The school setting is a prime location for improving eating habits and increasing physical activity. Schools have direct contact with more than 95 percent of Wisconsin's young people, for about eight hours a day. Establishing healthy behaviors during childhood is easier and more effective than trying to change unhealthy behaviors during adulthood.
Why Changing the School Environment Can Increase Physical Activity and Improve Student Behavior
Physical Activity: Jon Hisgen,
Wisconsin Department of Public Instruction
School Strategies, P-00507 (PDF)
View the objectives and full list of strategies for implementation in the school setting.
Key Strategies Overview:
- Increase the number of Wisconsin schools implementing environment and policy change strategies to support healthy eating and physical activity.
- Increase standards-based nutrition education in grades K-12.
- Increase access to fresh fruits and vegetables for school-aged children.
- Increase the nutritional quality of Wisconsin school meal programs (school breakfast, lunch, summer feeding, and after school).
- Decrease access to energy-dense foods and sugar-sweetened beverages in schools.
- Increase standards-based teaching in Physical Education in grades K-12.
- Provide opportunities for at least 60 minutes of physical activity per day for all school-age children.
- Use an evidence-based fitness test to assess the endurance capacity of the student population in grades 4-12.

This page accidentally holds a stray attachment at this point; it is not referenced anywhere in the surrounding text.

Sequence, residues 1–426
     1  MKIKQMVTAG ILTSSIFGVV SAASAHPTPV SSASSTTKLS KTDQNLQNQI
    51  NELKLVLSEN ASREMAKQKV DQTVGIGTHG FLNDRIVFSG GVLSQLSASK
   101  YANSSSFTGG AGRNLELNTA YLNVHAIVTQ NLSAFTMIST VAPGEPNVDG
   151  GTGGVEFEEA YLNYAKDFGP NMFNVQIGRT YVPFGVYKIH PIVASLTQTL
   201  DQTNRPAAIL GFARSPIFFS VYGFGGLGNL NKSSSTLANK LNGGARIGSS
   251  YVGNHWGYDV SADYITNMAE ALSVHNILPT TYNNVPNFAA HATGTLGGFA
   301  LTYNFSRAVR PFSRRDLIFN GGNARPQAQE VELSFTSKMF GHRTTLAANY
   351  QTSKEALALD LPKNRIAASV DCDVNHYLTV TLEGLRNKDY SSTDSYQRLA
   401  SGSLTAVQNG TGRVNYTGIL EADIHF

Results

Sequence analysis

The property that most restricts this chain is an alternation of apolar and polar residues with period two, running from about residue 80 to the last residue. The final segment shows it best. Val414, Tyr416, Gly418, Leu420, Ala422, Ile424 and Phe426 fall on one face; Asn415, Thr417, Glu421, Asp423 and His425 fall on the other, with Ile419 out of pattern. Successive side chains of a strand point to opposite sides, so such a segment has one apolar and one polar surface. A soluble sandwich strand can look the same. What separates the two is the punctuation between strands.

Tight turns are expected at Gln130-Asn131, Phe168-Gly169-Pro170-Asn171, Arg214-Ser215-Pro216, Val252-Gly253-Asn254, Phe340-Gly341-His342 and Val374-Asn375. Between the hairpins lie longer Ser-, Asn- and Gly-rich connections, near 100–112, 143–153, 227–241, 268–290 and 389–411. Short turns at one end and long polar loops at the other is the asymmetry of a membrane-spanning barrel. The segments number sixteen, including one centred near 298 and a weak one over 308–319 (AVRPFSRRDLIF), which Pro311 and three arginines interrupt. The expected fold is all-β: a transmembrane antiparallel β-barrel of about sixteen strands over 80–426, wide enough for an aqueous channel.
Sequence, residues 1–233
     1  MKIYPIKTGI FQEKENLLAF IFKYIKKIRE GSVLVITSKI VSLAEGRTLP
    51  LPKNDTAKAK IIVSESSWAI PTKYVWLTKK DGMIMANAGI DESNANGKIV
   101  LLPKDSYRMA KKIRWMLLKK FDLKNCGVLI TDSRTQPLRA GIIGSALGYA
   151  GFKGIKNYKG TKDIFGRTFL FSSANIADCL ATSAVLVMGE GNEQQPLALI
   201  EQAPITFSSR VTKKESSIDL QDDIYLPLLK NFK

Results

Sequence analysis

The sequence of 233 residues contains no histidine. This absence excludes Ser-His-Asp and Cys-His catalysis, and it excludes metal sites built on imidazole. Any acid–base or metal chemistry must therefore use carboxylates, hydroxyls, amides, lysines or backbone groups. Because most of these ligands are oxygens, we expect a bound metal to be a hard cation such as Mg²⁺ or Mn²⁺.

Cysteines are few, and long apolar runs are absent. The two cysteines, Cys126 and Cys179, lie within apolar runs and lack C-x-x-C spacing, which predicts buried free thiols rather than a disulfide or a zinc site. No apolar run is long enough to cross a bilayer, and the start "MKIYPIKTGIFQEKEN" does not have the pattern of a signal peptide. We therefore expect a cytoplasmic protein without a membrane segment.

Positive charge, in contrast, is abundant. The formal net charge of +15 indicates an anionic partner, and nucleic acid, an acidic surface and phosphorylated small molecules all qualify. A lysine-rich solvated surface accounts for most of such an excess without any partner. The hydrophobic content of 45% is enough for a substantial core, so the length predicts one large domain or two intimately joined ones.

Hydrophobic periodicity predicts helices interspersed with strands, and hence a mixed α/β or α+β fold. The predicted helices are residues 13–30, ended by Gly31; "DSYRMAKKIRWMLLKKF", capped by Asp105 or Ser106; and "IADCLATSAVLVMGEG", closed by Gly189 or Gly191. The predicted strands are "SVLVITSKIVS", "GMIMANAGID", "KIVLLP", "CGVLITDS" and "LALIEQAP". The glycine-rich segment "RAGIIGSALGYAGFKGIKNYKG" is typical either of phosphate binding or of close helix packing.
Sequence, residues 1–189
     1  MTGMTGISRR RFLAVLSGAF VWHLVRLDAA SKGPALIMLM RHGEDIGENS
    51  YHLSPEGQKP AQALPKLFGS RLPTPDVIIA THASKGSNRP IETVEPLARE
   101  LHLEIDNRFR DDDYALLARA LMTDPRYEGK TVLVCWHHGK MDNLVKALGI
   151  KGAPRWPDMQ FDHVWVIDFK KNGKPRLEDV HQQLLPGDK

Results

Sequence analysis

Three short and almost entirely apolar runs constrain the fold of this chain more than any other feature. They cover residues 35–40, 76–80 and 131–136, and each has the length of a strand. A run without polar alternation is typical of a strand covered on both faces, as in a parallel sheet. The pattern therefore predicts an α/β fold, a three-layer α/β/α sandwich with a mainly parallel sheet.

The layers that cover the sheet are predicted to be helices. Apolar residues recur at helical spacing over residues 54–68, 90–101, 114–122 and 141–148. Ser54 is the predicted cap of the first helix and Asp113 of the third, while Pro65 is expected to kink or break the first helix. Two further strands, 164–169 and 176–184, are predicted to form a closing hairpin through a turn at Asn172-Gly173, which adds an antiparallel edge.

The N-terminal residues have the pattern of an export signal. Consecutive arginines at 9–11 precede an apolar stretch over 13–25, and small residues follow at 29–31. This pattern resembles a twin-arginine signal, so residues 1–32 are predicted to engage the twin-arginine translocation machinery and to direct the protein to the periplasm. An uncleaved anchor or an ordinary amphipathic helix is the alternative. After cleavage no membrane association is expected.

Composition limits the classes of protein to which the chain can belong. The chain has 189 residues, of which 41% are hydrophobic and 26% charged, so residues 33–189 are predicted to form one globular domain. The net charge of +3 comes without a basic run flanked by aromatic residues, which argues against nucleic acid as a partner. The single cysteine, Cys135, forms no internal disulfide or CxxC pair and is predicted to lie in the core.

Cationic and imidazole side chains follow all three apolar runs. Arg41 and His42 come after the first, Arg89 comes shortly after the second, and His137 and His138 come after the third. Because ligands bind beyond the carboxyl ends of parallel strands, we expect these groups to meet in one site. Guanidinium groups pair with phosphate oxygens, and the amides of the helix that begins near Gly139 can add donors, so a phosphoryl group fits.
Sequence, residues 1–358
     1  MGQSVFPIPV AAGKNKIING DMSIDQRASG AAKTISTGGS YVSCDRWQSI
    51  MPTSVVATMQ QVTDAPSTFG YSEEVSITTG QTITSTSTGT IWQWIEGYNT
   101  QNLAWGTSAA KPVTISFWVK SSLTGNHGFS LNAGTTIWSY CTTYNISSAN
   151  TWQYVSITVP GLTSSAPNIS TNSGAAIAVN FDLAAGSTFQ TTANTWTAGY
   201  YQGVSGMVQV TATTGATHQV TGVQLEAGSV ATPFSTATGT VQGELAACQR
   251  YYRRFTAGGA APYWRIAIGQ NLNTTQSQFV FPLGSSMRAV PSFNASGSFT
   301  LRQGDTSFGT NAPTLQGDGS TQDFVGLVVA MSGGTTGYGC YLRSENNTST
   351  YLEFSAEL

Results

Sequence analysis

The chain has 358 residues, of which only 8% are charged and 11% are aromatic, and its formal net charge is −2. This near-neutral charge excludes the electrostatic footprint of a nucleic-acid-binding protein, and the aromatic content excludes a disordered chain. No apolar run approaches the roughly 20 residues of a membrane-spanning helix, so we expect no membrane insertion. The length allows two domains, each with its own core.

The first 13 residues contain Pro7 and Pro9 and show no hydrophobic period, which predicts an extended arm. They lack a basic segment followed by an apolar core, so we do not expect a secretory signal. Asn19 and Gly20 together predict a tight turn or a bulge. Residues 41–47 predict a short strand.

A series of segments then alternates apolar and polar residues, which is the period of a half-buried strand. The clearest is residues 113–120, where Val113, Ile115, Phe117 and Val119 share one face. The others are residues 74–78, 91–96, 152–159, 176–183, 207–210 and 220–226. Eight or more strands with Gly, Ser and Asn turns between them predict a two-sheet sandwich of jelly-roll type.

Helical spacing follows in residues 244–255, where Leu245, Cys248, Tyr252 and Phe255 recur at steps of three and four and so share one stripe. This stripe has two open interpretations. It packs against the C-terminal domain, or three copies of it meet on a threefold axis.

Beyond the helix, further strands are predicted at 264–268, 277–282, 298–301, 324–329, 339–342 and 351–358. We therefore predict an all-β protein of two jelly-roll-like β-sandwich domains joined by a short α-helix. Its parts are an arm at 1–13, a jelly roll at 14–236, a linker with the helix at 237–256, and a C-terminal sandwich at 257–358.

Select School Resources for ideas and materials to implement key strategies, such as the Active Schools Toolkit, Got Veggies?, and other physical activity and school nutrition resources, such as:
Wisconsin Active Schools Toolkit
Wisconsin Farm to School Producers Toolkit
Wisconsin Farm to School Food Service Toolkit
Got Dirt? Garden Toolkit
Got Veggies? Youth Garden-Based Nutrition Education Curriculum
Wisconsin Model Academic Standards for Nutrition Education
Farm to School
Success Story Videos
La Crosse Farm to School (left) - "Kids cheering for vegetables? Farm to school works!" Gundersen Lutheran Certified Executive Chef Thomas Sacksteder conducts cooking classes as part of the La Crosse County Farm2School initiative.
Beloit Active Schools - Beloit High School makes it easy for students to exercise.
- A high percentage of Wisconsin high schools and middle schools have access to sugary drinks (72%) and less healthy competitive foods (59%).¹
- Fewer than half of elementary and middle schools in Wisconsin are incorporating effective strategies to increase student physical activity levels (e.g., active recess, before school PA programs) outside of the PE class.
- Physical activity can help youth improve academic performance, concentration, memory, and classroom behavior.
¹ CDC Children’s Food Environment State Indicator Report, 2011
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